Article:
Chaos;Child is the sequel to the 2008 visual novel Chaos;Head Noah and is the fourth entry in the Science Adventure series. While it is not required to read Steins;Gate or Robotic;Notes before entering into Chaos;Child, it is highly recommended to at least play through Chaos;Head Noah, as the events that happen in the first game are discussed extensively in this title. While the themes of the first game are still present in this title, it brings about a tale that is just as eye-opening.
Much like Chaos;Head Noah, Chaos;Child does require a warning before diving in. There are just as many violent scenes (everything from murder to weird sexual scenes) as in the last game, so if you’re not up for that, this is another title to avoid. But if you were able to sit through Chaos;Head Noah, Chaos;Child doesn’t do anything that would catch you off guard.
Chaos;Child takes place six years after the initial events in Chaos;Head Noah and stars a brand new cast. The main character is Takuru Miyashiro, a high school student who is part of the newspaper club. While a bit antisocial, he has a group of friends that he regularly talks to in school. He does have his typical teenager moments where he believes he’s better than everyone, dubbing himself a “right-sider.” He is a lot more palatable than Takumi Nishijou. In fact, many of these characters feel a lot more grounded than the cast of the first game. They all come across as typical kids during your time in school.
Much like the first game, Takuru and his friends are drawn right in the center of a string of murders known as the “Return of the New Generation Madness.” Murders are starting to occur on the same days as the murders six years ago, and they are just as insane as the first batch. But as Takuru starts investigating, he finds that things aren’t quite adding up. In fact, the deeper that he digs into the cases, the more involved that he finds himself.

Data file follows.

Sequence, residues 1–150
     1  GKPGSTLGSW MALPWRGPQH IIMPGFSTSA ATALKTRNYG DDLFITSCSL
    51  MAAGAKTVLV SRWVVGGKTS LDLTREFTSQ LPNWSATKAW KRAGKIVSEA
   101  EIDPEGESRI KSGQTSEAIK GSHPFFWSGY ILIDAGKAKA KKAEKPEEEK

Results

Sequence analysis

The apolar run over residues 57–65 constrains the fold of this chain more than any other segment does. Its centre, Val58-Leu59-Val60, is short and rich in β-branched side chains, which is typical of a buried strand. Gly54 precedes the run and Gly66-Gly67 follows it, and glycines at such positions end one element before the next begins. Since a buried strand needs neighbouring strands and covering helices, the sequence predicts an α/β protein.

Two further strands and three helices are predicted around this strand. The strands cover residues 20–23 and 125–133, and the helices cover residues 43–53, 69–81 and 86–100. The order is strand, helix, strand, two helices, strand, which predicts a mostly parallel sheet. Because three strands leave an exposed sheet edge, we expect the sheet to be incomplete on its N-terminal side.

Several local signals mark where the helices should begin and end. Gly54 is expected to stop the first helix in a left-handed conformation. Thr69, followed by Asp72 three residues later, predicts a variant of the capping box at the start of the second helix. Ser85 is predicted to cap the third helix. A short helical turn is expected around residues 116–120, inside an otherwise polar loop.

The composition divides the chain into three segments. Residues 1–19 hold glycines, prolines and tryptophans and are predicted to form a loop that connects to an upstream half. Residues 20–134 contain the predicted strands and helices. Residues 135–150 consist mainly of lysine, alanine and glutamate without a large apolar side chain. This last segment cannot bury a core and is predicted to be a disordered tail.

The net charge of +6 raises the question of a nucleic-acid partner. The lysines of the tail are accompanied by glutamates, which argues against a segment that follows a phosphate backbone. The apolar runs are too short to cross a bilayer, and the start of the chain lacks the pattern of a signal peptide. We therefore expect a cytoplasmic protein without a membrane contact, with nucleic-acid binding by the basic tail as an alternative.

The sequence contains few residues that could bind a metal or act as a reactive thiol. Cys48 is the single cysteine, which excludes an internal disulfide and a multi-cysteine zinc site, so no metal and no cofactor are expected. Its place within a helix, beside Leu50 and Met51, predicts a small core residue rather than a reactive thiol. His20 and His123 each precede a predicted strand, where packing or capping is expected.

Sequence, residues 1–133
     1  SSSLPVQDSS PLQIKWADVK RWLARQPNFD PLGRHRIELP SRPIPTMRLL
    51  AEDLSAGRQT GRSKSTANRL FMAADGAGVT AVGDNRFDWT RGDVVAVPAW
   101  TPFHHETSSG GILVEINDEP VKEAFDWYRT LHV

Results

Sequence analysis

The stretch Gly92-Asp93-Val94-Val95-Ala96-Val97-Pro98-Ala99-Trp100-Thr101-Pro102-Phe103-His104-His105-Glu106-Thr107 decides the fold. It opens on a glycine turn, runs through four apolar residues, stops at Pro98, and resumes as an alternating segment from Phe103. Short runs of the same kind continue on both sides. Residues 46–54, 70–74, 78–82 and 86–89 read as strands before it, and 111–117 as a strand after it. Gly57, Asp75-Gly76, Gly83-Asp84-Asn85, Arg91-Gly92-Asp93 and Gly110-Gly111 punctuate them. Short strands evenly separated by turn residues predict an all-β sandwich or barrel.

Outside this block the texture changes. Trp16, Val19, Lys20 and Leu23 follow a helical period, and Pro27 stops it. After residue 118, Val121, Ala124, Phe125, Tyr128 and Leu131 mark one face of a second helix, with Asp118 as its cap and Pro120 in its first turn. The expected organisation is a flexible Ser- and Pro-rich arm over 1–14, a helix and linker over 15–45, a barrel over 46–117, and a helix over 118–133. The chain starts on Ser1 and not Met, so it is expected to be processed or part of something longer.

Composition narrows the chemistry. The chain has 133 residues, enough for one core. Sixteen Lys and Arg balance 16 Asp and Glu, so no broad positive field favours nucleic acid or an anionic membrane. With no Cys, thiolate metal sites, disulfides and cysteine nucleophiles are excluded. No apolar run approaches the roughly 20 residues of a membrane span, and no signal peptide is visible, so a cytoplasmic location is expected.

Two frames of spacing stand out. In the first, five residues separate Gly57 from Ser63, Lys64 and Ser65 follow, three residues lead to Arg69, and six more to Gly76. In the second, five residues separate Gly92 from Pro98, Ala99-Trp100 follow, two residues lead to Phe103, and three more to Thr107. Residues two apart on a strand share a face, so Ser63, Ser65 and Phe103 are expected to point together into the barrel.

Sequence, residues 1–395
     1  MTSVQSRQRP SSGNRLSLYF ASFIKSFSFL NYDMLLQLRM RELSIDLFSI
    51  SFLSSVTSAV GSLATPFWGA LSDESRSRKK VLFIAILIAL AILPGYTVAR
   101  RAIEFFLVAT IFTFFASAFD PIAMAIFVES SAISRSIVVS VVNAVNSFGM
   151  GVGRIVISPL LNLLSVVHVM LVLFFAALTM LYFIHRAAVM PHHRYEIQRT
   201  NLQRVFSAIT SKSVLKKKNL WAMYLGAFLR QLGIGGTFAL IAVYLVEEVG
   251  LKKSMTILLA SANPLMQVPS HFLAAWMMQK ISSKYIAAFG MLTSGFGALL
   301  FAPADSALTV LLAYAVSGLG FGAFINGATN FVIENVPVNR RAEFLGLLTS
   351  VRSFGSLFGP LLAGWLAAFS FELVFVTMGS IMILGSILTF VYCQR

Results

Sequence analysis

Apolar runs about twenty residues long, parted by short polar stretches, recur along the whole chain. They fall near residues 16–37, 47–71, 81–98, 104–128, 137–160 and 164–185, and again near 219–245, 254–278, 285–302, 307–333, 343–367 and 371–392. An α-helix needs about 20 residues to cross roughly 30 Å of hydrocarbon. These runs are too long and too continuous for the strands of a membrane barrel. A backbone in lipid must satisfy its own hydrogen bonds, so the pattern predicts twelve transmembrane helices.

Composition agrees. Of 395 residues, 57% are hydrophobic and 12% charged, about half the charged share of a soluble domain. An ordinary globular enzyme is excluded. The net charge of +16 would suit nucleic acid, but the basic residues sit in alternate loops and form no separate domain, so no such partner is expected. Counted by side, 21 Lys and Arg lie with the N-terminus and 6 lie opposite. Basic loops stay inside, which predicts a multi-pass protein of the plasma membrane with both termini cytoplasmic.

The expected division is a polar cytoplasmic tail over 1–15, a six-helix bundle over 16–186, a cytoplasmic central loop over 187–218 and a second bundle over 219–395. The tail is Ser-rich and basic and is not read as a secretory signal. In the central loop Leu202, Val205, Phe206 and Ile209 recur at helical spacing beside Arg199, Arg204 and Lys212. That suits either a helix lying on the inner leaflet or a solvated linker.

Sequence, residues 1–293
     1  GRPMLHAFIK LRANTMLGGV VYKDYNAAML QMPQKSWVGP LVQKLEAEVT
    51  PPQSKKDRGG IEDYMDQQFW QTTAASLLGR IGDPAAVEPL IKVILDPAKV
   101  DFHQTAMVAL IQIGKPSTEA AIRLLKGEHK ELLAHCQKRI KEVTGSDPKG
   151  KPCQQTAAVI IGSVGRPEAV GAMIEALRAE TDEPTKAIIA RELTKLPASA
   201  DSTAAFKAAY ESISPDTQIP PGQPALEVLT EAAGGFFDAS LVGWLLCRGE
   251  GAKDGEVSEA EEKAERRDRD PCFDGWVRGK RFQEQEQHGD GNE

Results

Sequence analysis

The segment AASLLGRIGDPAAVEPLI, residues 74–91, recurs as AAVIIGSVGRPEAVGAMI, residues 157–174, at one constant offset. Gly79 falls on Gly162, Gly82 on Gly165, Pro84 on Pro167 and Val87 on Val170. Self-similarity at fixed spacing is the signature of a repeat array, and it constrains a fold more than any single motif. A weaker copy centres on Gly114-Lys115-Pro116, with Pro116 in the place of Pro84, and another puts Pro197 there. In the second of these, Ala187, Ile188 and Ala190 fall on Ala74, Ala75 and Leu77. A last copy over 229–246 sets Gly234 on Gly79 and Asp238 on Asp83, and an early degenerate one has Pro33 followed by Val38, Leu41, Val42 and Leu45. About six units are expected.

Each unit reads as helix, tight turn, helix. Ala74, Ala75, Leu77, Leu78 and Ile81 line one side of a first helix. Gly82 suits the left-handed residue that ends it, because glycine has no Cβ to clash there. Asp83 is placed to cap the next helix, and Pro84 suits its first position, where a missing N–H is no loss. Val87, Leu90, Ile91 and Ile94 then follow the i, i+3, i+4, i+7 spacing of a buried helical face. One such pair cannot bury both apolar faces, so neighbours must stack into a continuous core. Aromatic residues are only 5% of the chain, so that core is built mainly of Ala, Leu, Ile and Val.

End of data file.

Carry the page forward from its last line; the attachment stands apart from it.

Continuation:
Overall, despite the fact that the story revolves around strange killings, this story feels a lot less fantastical. The characters and their relationships are more at the forefront and perhaps the previous knowledge of what happened in Chaos;Head Noah causes one to expect a bombshell to drop. But don’t take that to mean that there aren’t any twists or monumental shoe drops, because there are plenty for you to take in. But this title seems to fulfill the purpose of cleaning up any loose ends.
There are a total of five endings including the true route. The routes in this game actually account for a lot more of the story this time around, meaning that missing out on these endings will end up with you not even getting the full story. All four individual routes, as well as the common route also have bad endings that you can acquire as well while playing through. You’re locked into the common route your first time through, but afterwards, you can use the skip function to skip through most of the dialogue in the game. It’s recommended to consult a guide when trying to get the additional endings rather than trying to guess which delusion types to select.
Chaos;Child is a visual novel where you can occasionally choose to have either positive or negative delusions. These delusions act as your choices during the game, as there are no dialogue choices to make. Depending on which delusions you choose to have, you can end up on one of the many routes available in the game. Along with delusions, you’ll be expected to keep track of the details of the individual cases, as you’ll occasionally be quizzed on details concerning the locations, scenes, and individuals involved.